US Government Posts Another Big Deficit in October
The federal government ended up fiscal 2018 with the largest budget deficit since 2012. Based on the most recent US Treasury Department projections, that doesn’t look to slow down in fiscal 2019.
Spending didn’t taper off any in October. According to the Treasury Department report, the deficit came in at $100.5 billion last month. That represents a 58% increase from the $63 billion deficit recorded in October 2017. Spending rose 18% year-on-year. Revenues only increased by 7%.
Uncle Sam ended 2018 $779 billion in the red, adding to the ballooning national debt. The CBO projects this year’s deficit will come in close to $1 trillion. The current Treasury Department estimate shows a total fiscal 2019 deficit over the $1 trillion mark at $1.085.
The national debt expanded by more than $1 trillion in fiscal 2018. It currently stands at over $21.7 trillion. According to data released by the Treasury Department, fiscal 2018 gave us the sixth-largest fiscal-year debt increase in the history of the United States. (If you’re wondering how the debt can grow by a larger number than the annual deficit, economist Mark Brandly explains here.)
Although the economy is supposedly in the midst of a boom, US government borrowing looks more like we’re in the midst of a deep recession. Long-term US debt sales have risen to a level not seen since the height of the financial crisis. In October alone, the US Treasury sold over $80 billion in public debt. The government spent $32 billion simply paying the interest on outstanding debt. That was roughly a 30% increase from a year ago.
Annual interest payments already approach $500 billion. Every uptick in the interest rate increases that number. At the current trajectory, the cost of paying the annual interest on the US debt will equal the annual cost of Social Security within 30 years.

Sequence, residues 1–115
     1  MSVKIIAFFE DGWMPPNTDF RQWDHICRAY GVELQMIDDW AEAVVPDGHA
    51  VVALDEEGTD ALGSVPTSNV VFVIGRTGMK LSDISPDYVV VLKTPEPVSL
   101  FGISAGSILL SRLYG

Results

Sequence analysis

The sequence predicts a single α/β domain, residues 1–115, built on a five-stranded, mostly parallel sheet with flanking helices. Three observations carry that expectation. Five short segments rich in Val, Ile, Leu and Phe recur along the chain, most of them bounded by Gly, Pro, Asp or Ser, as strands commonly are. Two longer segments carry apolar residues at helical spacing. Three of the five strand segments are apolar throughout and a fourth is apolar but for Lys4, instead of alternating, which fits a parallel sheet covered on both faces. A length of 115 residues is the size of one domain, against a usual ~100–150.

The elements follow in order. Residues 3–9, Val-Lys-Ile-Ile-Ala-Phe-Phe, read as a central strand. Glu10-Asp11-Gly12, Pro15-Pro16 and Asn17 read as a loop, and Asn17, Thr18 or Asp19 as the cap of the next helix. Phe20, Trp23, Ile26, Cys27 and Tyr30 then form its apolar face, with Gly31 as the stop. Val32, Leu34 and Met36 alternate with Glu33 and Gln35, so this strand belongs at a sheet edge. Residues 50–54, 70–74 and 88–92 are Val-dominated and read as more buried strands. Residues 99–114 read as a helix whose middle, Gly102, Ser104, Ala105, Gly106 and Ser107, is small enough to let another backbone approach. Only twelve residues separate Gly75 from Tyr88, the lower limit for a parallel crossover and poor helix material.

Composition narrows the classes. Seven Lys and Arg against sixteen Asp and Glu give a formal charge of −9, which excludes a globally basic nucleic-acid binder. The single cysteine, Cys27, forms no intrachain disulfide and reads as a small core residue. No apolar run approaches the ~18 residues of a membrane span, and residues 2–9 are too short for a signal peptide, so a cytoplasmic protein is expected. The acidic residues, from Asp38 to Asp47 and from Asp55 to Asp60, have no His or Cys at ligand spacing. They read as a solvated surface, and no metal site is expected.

This is not good news for the US economy. As we have reported repeatedly, large levels of debt retard economic growth. This explains why despite what is supposed to be a booming economy, revenues to the US Treasury are only up 7% year-on-year. Most of that increase came from tariffs and excise taxes. Corporate and individual tax receipts are up around 1%.
Several studies have estimated that economic growth slows by about 30% when the debt to GDP ratio rises about 90%. Most analysts say the US economy is already in the 105% range.
While this is bad news for the average Amercian, there is a silver lining if you own gold. (Or perhaps we should call it a golden lining.) As Michael Fitzsimmons pointed out in an article published at Seeking Alpha, there is a correlation between rising US debt and the price of gold.
The last time the US government ran a $1 trillion per year annual deficit, gold ended up at $1,800-plus. The yellow metal was in the $1,700 range in 2011 and 2012. As the government ran $1 trillion-plus deficits, gold ran up to nearly $1,900 per ounce.
But that was after digging out of the ‘Great Recession.’ Now, and despite the great economy, what some would generously describe as ‘unwise’ tax-and-spend policies, the US is back on track for a $1 trillion annual deficit for fiscal 2019. Yet gold is barely over $1,200/oz. As a result, there’s currently a massive gap in the relationship between US federal deficits and the price of gold. Clearly, gold has ~50% upside if the relationship between US monthly deficits and the price of gold matches its recent history.”
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